St Ives bypass traffic brought to a stop every two minutes

TRAFFIC lights on one of the �busiest routes in St Ives turn red EVERY TWO MINUTES in the morning peak, causing congestion in the town centre, a survey has revealed.

A transport and environment working group, made up of volunteers, has reported to St Ives Town Council that more than 2,200 vehicles used Harrison Way heading to the A14 on January 25 – and between 7am and 9am the traffic was brought to a halt 64 times by the busway crossing.

The survey said each time the lights were red for an average of 21 seconds – creating a period of at least 23 minutes when vehicles were forced to stop during the two-hour morning peak.

After the statistics were revealed to St Ives Town Council last Wednesday, Councillor Ian Dobson said the lights on Harrison Way had forced him to leave half-an-hour earlier to get to work in Royston.

Cllr Jason Ablewhite said: “It’s becoming a real problem for St Ives. Motorists face an unpredictable journey as they are being held up at this junction – sometimes it can take 30 minutes, sometimes an hour.

“The success of the guided busway is a double-edged sword. We have seen an increase in visitors to the town, with people parking in St Ives then getting the bus to Cambridge, but this is bringing more traffic.”

Willie Rae, who carried out the �survey, said some motorists were driving through red lights.

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He also said more than 750 vehicles used Needingworth Road – a route that can avoid some of the bypass – during the morning rush hours.

Cllr David Hodge said: “I have travelled on this stretch many times and have found that it takes an average of 23 minutes to get from the Meadow Lane roundabout to the Vindis roundabout. This is because you get stopped at least twice at the guided busway crossing.”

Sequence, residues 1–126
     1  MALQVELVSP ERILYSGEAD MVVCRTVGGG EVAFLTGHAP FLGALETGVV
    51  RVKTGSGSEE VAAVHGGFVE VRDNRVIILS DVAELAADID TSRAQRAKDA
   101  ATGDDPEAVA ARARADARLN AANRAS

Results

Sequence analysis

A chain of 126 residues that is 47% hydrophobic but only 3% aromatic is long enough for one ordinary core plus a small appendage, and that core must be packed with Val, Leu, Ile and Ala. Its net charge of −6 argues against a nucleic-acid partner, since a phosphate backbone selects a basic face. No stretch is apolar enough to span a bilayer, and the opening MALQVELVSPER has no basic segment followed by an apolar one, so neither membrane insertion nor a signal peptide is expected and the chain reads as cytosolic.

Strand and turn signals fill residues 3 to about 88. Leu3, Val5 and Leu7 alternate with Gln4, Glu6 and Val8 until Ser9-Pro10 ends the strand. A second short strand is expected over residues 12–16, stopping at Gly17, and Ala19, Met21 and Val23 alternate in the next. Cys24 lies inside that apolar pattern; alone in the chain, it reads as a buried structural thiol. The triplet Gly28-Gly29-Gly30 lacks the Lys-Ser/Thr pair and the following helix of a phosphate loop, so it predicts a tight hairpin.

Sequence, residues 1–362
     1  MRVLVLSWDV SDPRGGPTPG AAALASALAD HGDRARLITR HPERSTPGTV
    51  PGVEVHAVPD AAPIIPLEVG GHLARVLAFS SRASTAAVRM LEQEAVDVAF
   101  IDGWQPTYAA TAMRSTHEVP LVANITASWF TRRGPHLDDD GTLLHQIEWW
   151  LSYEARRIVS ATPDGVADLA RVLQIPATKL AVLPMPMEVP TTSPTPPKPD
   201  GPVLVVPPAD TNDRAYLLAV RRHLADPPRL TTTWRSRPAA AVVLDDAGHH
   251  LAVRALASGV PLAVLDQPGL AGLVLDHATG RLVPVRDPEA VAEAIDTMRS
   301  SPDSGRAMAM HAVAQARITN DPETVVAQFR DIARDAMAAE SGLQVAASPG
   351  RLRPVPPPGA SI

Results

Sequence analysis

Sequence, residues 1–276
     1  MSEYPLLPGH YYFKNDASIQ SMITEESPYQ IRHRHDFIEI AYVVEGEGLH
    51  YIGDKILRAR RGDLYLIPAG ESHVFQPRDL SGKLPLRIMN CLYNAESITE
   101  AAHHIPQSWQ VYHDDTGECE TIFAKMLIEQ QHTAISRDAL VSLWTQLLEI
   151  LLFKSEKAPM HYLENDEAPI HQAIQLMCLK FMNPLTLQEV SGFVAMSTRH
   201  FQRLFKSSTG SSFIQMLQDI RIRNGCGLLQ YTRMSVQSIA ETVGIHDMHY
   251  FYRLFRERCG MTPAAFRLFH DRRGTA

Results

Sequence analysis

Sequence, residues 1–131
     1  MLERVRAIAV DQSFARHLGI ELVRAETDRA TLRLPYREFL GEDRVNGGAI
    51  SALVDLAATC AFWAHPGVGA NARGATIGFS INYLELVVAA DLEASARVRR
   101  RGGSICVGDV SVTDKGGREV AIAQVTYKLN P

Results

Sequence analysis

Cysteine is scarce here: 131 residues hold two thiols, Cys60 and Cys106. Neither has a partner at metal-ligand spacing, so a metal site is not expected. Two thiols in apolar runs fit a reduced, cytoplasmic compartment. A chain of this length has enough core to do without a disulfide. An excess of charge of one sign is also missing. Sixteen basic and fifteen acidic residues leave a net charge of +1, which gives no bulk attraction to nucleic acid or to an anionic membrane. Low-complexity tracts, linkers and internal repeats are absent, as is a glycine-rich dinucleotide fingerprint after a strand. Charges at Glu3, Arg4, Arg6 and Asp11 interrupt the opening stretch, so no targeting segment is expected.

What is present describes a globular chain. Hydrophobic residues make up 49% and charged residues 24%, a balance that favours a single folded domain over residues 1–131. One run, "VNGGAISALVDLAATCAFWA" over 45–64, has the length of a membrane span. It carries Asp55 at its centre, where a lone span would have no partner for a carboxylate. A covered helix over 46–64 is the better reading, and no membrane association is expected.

Cllr Colin Saunderson carried out his own review of the Harrison Way traffic lights between 7.55am and 8.30am on January 16.

He said: “The majority of crosses that are made by pedestrians are one at a time. I think making them wait longer will help the town’s �situation.”

A spokesman for Cambridgeshire County Council, which is the �highway authority and �owner of the guided busway, said: “The traffic to the guided busway on Harrison Way is no worse than in the original plans.

“We don’t believe the traffic lights are causing unnecessary delays to traffic using Harrison Way.”

Is the county council correct is its assumption that the lights are not causing unecessary delays? has the traffic situation worsened on Harrison Way since the guided bus services started? Send your views, along with you name and address, to